James Franco won the Golden Globe for best actor in a musical or comedy Sunday night but his win wasn’t without controversy.
Shortly after Franco’s win for “The Disaster Artist,” an unverified Twitter account for actress Ally Sheedy began slamming the win.
Her tweets garnered social media attention and were deleted after outlets like Vanity Fair and E! News began reporting that Sheedy had called out Franco. One tweet read, “James Franco just won. Please never ever ask me why I left the film/tv business.”
Another stated, “Ok wait. Bye. Christian Slater and James Franco at a table on @goldenglobes #MeToo”
An earlier tweet from the night also referenced Franco. It read, “Why is a man hosting? Why is James Franco allowed in? Said too much.”
Many fans retweeted and replied to the messages which they took to imply the “Breakfast Club” star was accusing Franco of some sort of sexual harassment or abuse.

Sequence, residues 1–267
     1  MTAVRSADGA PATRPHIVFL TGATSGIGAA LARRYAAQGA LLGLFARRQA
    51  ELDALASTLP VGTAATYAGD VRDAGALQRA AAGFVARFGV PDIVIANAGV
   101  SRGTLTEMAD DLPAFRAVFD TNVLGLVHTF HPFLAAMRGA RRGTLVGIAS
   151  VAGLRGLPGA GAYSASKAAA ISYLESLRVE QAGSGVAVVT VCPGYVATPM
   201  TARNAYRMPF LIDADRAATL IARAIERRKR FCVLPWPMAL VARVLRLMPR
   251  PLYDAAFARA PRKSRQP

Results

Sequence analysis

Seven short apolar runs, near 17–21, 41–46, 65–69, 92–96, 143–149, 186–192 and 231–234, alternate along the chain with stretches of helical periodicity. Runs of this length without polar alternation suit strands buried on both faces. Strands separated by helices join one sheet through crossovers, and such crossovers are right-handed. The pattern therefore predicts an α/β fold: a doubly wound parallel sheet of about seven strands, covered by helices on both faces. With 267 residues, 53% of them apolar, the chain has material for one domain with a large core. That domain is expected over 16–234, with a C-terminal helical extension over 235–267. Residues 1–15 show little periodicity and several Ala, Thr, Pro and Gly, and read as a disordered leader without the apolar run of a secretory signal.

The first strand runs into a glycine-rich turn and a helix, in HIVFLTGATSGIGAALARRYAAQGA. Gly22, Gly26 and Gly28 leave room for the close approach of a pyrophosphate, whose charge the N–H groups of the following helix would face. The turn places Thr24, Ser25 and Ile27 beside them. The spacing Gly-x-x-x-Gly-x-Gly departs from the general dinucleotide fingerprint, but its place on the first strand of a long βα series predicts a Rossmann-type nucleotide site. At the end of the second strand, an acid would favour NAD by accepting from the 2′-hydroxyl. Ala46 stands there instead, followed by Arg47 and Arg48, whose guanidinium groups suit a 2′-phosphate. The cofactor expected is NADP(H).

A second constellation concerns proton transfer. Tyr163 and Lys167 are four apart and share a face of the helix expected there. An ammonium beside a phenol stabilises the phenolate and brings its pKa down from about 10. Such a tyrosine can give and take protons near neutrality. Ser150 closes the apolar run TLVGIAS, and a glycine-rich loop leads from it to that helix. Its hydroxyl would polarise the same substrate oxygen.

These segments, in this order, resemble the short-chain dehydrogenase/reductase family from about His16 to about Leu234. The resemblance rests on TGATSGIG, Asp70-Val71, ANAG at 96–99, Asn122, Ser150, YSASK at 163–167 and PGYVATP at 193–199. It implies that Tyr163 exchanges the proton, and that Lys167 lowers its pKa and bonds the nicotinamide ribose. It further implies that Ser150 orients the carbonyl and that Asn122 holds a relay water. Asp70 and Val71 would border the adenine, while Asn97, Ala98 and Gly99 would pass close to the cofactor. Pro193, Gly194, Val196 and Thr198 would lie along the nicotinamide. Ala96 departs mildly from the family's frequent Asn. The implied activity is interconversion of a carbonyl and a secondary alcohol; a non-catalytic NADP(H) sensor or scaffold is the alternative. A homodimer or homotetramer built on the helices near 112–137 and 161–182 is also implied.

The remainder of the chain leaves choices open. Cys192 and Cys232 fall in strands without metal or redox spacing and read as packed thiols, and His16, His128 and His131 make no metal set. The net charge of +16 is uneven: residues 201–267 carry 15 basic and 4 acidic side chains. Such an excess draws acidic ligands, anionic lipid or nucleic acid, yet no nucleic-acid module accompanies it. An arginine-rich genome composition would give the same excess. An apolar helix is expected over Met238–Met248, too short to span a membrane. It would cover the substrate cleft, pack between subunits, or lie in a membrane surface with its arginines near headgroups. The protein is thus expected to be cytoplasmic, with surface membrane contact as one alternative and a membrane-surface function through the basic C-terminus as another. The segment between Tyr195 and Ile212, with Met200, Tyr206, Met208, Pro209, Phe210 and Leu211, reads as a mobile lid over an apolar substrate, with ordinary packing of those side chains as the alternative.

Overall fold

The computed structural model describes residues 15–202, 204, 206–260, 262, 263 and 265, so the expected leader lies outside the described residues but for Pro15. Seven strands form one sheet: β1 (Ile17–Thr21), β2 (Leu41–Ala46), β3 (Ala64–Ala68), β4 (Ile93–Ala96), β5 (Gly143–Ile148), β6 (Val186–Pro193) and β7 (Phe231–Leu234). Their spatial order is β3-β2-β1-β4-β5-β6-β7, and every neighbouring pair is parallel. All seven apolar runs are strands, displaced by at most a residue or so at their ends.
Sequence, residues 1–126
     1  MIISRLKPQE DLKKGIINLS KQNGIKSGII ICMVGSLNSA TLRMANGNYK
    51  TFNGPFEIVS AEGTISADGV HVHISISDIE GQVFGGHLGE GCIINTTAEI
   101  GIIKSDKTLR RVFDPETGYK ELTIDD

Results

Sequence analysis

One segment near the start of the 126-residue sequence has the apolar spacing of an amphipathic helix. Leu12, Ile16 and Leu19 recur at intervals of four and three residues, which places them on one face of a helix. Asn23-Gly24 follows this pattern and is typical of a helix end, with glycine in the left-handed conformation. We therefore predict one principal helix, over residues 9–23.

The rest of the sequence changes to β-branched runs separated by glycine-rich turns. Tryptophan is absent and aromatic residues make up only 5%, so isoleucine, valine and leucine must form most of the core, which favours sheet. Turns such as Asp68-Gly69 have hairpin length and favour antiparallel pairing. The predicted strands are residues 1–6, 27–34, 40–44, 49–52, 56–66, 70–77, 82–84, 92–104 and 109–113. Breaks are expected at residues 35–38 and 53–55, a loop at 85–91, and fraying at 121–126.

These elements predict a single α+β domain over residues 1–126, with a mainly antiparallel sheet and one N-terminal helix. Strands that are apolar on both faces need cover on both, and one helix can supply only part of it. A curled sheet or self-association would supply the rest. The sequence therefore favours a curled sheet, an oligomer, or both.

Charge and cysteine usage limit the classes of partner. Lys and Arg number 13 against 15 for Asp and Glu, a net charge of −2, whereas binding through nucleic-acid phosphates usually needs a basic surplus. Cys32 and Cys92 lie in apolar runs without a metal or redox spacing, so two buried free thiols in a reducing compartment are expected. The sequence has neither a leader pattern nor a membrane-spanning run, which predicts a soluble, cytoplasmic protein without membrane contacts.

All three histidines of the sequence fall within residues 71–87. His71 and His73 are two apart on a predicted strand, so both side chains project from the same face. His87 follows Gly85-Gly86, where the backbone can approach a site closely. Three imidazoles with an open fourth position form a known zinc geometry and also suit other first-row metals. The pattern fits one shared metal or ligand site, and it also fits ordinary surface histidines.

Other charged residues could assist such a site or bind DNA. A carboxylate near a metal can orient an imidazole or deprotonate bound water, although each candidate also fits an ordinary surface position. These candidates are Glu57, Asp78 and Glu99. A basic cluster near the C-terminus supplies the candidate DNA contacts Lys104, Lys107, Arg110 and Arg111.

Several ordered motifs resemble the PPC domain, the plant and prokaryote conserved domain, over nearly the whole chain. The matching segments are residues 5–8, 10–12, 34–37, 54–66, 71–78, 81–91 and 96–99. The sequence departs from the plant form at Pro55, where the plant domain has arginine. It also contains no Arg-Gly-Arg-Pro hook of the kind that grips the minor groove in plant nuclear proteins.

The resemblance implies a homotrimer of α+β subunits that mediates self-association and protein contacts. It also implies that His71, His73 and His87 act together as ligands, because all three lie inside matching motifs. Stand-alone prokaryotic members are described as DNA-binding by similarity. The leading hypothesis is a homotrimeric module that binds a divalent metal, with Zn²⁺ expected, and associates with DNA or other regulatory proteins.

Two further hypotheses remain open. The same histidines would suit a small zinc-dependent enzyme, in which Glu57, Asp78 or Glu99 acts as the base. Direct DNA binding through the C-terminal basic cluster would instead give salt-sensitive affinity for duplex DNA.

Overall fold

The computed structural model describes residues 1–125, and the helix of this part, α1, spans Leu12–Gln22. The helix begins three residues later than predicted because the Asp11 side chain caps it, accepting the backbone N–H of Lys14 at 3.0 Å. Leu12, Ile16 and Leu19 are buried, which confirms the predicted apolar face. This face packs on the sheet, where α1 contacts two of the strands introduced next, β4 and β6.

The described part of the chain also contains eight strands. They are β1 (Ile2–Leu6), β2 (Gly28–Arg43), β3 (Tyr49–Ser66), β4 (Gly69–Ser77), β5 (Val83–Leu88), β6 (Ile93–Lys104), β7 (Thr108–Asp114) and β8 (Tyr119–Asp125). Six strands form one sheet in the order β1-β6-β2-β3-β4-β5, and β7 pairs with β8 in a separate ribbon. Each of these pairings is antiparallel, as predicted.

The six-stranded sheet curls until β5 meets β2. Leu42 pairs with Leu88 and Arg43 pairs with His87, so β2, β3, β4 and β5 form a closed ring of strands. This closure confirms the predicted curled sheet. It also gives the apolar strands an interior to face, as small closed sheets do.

According to Vanity Fair, Sheedy worked with Franco on the 2014 play “The Long Shrift.”
Sheedy is best known for her roles in “St. Elmo’s Fire” and “The Breakfast Club.”
Vanity Fair reported that it reached out to both Franco and Sheedy but has not received comment.
This isn’t the first time Franco has caused controversy.
In 2014, Franco made headlines when messages became public that showed he reportedly tried to arrange a meet up with a 17-year-old girl at a New York hotel. After the scandal broke, Franco admitted the messages were legitimate and apologized saying he was “embarrassed” and had “used bad judgement.”
That same year he shared a nearly nude image on Instagram that showed him posing with his underwear pulled low and his hand in the waistband.
Franco’s win Sunday puts him on the inside track for an Academy Award nomination.
Franco played Tommy Wiseau, Hollywood cult hero of mysterious origins and the force behind the worst-best-film-ever “The Room,” in “The Disaster Artist.”
Franco, 39, a clear but not overwhelming favorite in the category, beat out fellow nominees Steve Carell for “Battle of the Sexes,” Ansel Elgort for “Baby Driver,” Hugh Jackman for “The Greatest Showman” and Daniel Kaluuya for “Get Out.”
The Associated Press contributed to this report